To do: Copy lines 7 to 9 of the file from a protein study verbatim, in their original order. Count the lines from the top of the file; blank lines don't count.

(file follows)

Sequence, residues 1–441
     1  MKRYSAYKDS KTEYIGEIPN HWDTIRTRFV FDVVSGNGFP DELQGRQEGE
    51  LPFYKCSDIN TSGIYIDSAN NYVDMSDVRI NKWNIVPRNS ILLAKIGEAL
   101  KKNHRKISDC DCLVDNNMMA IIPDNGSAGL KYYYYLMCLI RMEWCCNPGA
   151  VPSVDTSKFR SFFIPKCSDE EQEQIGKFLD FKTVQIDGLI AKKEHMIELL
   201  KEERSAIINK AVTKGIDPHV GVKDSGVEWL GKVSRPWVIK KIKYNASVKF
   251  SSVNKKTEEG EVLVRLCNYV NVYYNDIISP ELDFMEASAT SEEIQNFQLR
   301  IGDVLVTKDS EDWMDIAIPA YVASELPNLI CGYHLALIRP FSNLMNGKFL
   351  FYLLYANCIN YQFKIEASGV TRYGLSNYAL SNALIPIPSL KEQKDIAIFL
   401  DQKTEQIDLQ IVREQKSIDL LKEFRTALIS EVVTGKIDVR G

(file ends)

   251  SSVNKKTEEG EVLVRLCNYV NVYYNDIISP ELDFMEASAT SEEIQNFQLR
   301  IGDVLVTKDS EDWMDIAIPA YVASELPNLI CGYHLALIRP FSNLMNGKFL
   351  FYLLYANCIN YQFKIEASGV TRYGLSNYAL SNALIPIPSL KEQKDIAIFL